THE AMAZON CRUSH. Having overweening market power means never having to say you’re sorry. Even to your owners. Besides government subsidies, Bezos has the corporate funds to be a voracious predator because his Wall Street investors have allowed him to keep operating without returning a profit to them. On paper, his revenue-generating machine has lost billions of dollars. Yet, his major investors haven’t pulled the plug, for they’ve been mesmerized by Amazon’s phenomenal, non-stop growth in sales and its takeover of one consumer market after another.
What appears to be happening is that Amazon is actually making very strong profits, but simply not declaring them as such. Instead, it’s using that money (1) to buy its competitors and (2) to market its own version of competitors’ products, which Amazon then sells at a loss in order to squeeze the hapless competitors out of business. That’s the very definition of predatory pricing.
Brad Stone’s book gives a chilling example of one such predation. Amazon has its own corporate espionage team called Competitive Intelligence that tracks rivals. In 2009, CIAmazon spotted a fast-rising online seller of one particular baby product: Diapers.com. A Bezos lieutenant was dispatched to inform the diaper honchos that the cheetah was going into that business, so they should just sell their firm to it. No thanks, replied the upstart.
Amazon promptly responded to the rebuff by marketing another line of diapers–with a price discount of 30 percent. It kept dropping the price even lower (plus free shipping) when the small firm tried to fight back. Diapers.com’s investors grew antsy, and in September 2010, the two founders of the company met with Bezos himself and surrendered. The final blow was their discovery that Bezos was on track to lose $100 million in just three months in his campaign to crush them and control the market of online diaper sales.
Such ruthlessness is standard operating procedure at Amazon, which exerts it against any gazelle it chooses to eliminate. This likely includes some of your town’s Main Street stores. Small retailers everywhere are experiencing an ugly practice dubbed “showrooming.” For example, John Crandall, owner of Old Town Bike Shop in Colorado Springs, has seen a surge of shoppers who come in, check out the bikes and accessories he sells, ask a lot of questions, try out some bikes–but leave without buying anything. Then they’ll show up later with a new bike, asking Old Town to assemble it for them! What happened is that these shoppers used their smartphones in Crandall’s store to scan the barcode of a product they wanted–then went online to buy it from Amazon at a discounted price–lower than Crandall’s wholesale price.
Amazon’s new smartphone, called Fire (apparently meant in the sense of “shoot to kill”), is specifically designed to make showrooming fast and easy. Amazon has even offered $5 rebates to shoppers who scan items at stores, then buy them from the online brute. This is corporate murder. After 38 years in business, Old Town is hanging on, but it’s endangered. Crandall employs 11 people, pays rent and local taxes, supports all sorts of community events, and is fully involved in Colorado Springs–a place Bezos couldn’t care less about.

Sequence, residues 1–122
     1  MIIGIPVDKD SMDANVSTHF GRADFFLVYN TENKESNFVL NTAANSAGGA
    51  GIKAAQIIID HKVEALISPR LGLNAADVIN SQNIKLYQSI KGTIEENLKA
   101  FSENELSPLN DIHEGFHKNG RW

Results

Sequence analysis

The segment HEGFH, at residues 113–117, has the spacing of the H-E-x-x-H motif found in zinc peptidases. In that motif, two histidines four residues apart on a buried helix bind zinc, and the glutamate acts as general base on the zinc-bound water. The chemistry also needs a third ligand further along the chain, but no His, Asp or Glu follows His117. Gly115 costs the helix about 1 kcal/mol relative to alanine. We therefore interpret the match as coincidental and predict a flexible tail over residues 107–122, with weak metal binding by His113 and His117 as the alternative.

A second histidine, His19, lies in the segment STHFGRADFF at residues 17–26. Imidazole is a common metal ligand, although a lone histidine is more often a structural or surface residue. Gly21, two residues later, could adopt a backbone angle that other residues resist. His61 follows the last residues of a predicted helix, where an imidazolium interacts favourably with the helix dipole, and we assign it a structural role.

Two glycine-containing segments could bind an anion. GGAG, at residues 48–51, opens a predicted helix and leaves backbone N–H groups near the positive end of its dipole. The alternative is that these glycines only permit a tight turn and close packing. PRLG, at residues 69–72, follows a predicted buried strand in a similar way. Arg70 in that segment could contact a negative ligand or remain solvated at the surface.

Amazon also shows no mercy to companies that provide the products it sells. You’d think this would be a felicitous, symbiotic relationship: Producers need the marketplace, the marketplace needs products. But when the market grows into a virtual monopoly, the monopolist can turn on suppliers with a vengeance. Amazon has done precisely that to book publishers. While Amazon’s fight with international publishing giant Hachette has been well publicized, it’s medium-sized and small publishers that are especially vulnerable. They don’t have splashy marketing budgets, so they’re largely dependent on access to the buyers coming to Amazon’s online market.
“I offered them a 30 percent discount,” the head of a small academic publishing house told the New York Times this year. “They demanded 40,” she said. Having acquiesced to that, however, the cheetah soon came back, demanding 45. “Where do I find that five percent?” she asked. “Amazon may be able to operate at a loss, but I’m not in a position to do that.” She can’t leave, but staying could crush her company: “I wake up every single day knowing Amazon might make new, impossible demands.”
Tell Jeff: NO
Amazon’s calculated ruthlessness toward employees, suppliers, and competitors it must be publicly scorned and rejected. This is going to be up to us grassroots folks, for the political, Wall Street, and media establishments are too busy glorifying the e-commerce giant to bother peeking behind its tightly drawn PR curtain.
Rather than examining the far-reaching social destructiveness (and inherent immorality) in Amazon’s business model, the Powers That Be blithely hail Bezos as an exemplary corporate leader for the digital age and point to his creation as a model for the New Economy. They smile cluelessly, rather than frown, when he says that it’s not him killing off local businesses and turning work into a low-wage, roboticized nightmare–rather “the future” is producing these changes.
That’s creepy, yet Bezos has gotten away with such hornswoggle up to now by endlessly reciting his mantra that EVERYTHING Amazon does is to benefit consumers by relentlessly lowering prices. But price is not value. And exchanging value (as well as our society’s values) for his low prices is a raw deal.
I don’t want a price that’s stained with gross worker exploitation, the crushing of local enterprise, and the creation of a corporate oligarch. Stacy Mitchell, an intrepid researcher with an excellent group named the Institute for Local Self-Reliance (www.ilsr.org), has been studying Amazon’s impact for several years and rightly says that to avoid a sterile Amazonian future, we must force “a public conversation about their power.” Unlike Walmart, Amazon is largely invisible to most people–as Mitchell puts it: “All you really see is the website and then the FedEx guy is there.”
We need to let more people know what’s going on behind that jazzy website, for Amazon is insidious, far more dangerous and destructive to our culture’s essential values of fairness and justice than even Walmart would dream of being. So I hope you’ll join in our Lowdown campaign to say no directly to Bezos. He’s imposing his narcissistic corporate order in the name of consumers–so this is a time when we should speak out as consumers. Tell Jeff: NOT IN MY NAME.
The August issue of the Lowdown focused on how Jeff Bezos and Amazon exploit their low-wage workers. We encourage you to make copies of both our August and September issues and circulate them to friends, family, co-workers, groups, et al., asking them to send their own NOT IN MY NAME! message to Bezos.